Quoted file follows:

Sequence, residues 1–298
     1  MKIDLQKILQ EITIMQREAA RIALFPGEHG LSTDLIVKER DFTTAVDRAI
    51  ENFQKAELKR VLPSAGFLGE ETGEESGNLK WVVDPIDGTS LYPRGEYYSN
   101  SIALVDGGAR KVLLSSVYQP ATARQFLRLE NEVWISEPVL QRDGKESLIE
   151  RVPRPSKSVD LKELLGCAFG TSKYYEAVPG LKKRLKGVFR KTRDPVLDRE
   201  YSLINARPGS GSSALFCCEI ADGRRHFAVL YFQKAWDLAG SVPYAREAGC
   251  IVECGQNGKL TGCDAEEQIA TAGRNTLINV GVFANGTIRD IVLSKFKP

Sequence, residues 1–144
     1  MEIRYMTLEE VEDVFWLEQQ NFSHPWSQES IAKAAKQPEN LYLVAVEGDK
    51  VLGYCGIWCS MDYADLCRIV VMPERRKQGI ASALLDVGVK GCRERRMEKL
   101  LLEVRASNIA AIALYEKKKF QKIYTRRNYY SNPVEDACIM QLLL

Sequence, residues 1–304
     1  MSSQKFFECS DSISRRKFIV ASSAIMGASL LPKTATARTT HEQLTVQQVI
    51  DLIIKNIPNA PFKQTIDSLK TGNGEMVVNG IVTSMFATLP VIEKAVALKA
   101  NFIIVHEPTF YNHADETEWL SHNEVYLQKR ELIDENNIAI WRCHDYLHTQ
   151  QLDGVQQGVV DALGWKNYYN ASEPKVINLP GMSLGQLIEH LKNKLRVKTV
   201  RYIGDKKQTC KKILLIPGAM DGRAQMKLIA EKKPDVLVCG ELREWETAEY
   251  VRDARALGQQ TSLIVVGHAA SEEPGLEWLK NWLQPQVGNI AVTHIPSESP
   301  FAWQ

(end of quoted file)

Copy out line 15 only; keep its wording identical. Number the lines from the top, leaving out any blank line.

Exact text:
   101  NFIIVHEPTF YNHADETEWL SHNEVYLQKR ELIDENNIAI WRCHDYLHTQ